I recently came across an issue with my Whiteline Top Hats rubbing the upper spring perch on the MIN Camber setting. I thought the noise was my broken spring isolator since the spring was popping in low speed situations. However, when I went to replace the isolator I found this… Sigh.
I’m not a huge fan of WL anymore, so after I found this issue, I’m decided to make my car – Whiteline free. However, since there are a few options out there for top hats, I thought I would make a list and go over the pros and cons of each. And just to quickly recap my setup, I basically have a 2005 STi suspension with RCE yellow springs on my Bugeye. Here are few options I am considering.
Whiteline Com C Top Hats [front]
These top hats are designed like OEM, with high durometer rubber and an offset bearing for caster/camber adjustment. I was drawn to these for their simplicity. However, WL has had quality control issues so some of the order sets may still be out here. If you order these, make sure they are the twin-shielded bearings or they will make noise almost immediately. The first set I received was the open bearing design and they made loud popping noises as soon as I put the car on the ground. I’ll see if I can dig up some old pics later.
Now I have the issue mentioned at the beginning of this post. While they seemed to have rectified most of their Q/C issues, I’m done taking any more chances with them. I just want a low maintenance car that I can drive consistently, week in, week out.
STi Group-N Top Hats – [front/rear]
These are basically stock 05 STi top hats. In fact, my 2005 STi had what seemed to be Group-N parts everywhere. I wasted a few dollars before I figured that out. These are low maintenance as they get, however, no caster or camber adjustments are available. They are the cheapest option up front at $170. The rears cost around $270.
Racecomp Engineering Camber Plates [front/rear]
I love the adjustment design on these. They add 0.8 degrees of caster as well. However, since they are camber plates they probably raise my ride height, although these are supposed to minimize that. They also make a set for the rears as well. I don’t think anyone else makes a set of camber plates for the rear struts. Even though these are called “Street” camber plates, some maintenance should be expected.
The main downside to these is the cost. However, they are within the range of most camber plates at $420.
Ground Control Caster/Camber Plates [front/rear]
Back in the day, when I drove fox-chassis Thunderbirds, a company called Maximum Motorsports made caster/camber plates for those cars. I loved the adjustability and how the car drove afterward. I never understood why aftermarket Subies plates didn’t use a similar design.
Ground Control makes a similar style caster/camber plate that is freely adjustable in both caster and camber settings. This gives you greater control over your alignment settings. Even though I usually just maxed out the caster setting. These plates are the only ones I could find that are designed to not raise ride height. I found the following post from user GC_Adam on the FT86club forums:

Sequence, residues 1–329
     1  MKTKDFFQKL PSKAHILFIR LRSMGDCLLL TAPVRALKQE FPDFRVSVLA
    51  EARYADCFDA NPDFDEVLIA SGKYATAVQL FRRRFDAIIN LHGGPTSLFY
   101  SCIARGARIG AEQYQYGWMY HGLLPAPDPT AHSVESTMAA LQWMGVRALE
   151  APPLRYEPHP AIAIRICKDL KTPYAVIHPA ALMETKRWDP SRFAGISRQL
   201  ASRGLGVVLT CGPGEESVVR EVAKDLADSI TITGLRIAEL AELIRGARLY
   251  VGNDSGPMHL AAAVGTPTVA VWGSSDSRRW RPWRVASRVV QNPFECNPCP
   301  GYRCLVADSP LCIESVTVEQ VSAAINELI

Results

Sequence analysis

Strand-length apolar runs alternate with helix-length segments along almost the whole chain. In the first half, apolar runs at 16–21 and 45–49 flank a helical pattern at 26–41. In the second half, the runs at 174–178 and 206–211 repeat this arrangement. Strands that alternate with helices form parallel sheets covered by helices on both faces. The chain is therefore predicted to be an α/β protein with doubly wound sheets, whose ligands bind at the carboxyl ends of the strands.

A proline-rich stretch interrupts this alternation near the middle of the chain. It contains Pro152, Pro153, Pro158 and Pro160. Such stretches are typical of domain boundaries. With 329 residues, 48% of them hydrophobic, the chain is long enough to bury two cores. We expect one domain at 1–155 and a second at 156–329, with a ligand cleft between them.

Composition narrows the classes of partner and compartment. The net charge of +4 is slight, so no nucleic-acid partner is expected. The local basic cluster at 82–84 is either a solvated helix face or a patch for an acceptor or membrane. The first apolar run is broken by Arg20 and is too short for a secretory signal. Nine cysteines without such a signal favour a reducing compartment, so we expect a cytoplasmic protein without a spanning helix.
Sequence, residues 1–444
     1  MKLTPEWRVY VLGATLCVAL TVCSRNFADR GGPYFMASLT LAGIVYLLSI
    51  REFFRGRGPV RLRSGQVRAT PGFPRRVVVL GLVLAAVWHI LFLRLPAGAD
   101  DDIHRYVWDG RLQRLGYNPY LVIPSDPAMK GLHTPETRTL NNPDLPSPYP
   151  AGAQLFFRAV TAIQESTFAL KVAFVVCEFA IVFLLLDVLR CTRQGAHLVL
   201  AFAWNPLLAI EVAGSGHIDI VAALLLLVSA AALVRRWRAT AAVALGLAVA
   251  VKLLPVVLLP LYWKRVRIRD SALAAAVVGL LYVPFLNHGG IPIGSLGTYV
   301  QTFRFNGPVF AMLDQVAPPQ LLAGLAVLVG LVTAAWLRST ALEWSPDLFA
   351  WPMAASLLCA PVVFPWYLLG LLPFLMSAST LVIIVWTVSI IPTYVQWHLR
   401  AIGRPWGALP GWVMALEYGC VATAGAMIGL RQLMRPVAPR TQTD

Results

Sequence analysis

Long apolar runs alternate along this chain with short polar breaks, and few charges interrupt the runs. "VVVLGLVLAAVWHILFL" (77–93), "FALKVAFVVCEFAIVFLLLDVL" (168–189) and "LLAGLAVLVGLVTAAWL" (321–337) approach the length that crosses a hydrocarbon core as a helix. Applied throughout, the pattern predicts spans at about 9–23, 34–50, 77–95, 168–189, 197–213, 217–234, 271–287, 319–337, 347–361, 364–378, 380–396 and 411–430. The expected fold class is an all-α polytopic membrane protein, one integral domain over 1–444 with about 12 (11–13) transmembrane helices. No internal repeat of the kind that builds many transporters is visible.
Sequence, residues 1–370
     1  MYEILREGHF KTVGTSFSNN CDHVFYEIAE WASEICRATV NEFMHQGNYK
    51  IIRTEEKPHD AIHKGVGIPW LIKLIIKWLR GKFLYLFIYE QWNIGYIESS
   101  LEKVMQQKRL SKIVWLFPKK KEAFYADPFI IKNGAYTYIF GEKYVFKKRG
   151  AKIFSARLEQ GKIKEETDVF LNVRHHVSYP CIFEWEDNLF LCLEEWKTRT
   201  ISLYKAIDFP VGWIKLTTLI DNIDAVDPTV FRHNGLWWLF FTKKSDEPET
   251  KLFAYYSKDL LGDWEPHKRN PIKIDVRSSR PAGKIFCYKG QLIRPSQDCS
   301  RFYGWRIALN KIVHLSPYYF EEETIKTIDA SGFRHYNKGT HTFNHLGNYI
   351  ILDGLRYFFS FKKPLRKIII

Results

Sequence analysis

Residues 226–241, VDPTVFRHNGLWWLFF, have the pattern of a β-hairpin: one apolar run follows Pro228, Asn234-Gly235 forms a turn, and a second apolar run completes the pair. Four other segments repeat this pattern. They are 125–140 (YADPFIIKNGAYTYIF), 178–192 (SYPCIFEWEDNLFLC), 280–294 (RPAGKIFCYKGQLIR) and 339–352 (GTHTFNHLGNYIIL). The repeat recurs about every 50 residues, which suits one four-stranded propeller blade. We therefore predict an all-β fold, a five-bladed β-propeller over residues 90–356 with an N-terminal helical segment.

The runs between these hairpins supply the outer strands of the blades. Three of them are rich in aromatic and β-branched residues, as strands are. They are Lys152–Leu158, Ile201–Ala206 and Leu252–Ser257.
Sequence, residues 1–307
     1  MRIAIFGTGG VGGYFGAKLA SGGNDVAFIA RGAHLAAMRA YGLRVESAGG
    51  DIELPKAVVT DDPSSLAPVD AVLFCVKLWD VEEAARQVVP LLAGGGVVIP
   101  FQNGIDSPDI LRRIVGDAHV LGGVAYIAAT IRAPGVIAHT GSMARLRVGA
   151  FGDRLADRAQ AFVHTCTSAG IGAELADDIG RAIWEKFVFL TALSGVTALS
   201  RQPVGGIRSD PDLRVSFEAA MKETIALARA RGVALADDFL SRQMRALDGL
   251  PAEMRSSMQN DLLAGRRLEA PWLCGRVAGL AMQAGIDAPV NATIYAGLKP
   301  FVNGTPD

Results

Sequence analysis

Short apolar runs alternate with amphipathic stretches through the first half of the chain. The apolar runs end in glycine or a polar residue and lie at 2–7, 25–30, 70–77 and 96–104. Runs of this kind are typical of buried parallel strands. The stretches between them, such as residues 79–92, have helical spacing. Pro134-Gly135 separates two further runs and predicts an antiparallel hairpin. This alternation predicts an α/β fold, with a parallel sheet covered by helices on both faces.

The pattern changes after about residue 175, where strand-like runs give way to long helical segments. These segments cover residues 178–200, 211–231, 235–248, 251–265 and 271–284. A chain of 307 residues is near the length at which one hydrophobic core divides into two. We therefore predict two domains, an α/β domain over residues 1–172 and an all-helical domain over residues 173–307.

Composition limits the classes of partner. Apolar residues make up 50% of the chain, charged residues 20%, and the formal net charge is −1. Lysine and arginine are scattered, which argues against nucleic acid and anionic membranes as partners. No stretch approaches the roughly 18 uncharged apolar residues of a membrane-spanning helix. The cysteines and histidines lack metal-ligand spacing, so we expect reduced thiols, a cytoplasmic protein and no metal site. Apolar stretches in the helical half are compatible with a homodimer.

No, Our camberplates do not raise the car. They actually give back some of the bump travel lost when you lower these cars.
In the pic the green line represents the fender…Now see how we’ve moved the upper spring seat and strut mounting point further up effectively giving back bump travel lost when lowering your car.
With other mass-produced off shore camberplates that mount flat from the bottom you end up losing valuable stack height and bump travel.
I have had my eye on these plates for some time. However, they are the most spendy at $440. And while I don’t have a strut tower brace, I was thinking about getting one. I doubt these plates would allow for one. That isn’t enough to be a dealbreaker.
EDIT: Just realized these only work with coilover springs.
MSI Camber Plates (Street) [front]
These terrify me. Haha.
The quality looks great, it is just the thought of trying to align those holes up to set your camber. I’d be afraid that I would eventually strip or cross-thread one that wasn’t perfectly aligned. It’s probably easier than it looks, especially with some load off of the suspension, but from personal experience lining up suspension parts seem to never go as planned. But, with these plates, you don’t have to worry about camber settings changing due to slippage. It also looks like you can adjust caster by rotating the placement of the studs. There’s quite a bit of adjustability there for pretty simple design.
As with most camber plates, I think these will raise the front end since I’m on OEM struts. The price is on the low end of most camber plates at $300.
Used OEM Top Hats
I would only go with used OEMs as a time bridge to one of the options above.
There are some other top hats/camber plates out there as well, but most of them are designed for coilovers. I have run coilovers in the past and I plan on sticking with fixed perch struts for my own well being. When I had coilovers, I could not stop tweaking them. I would pull over to the side of the road and make adjustments. I could not stop myself.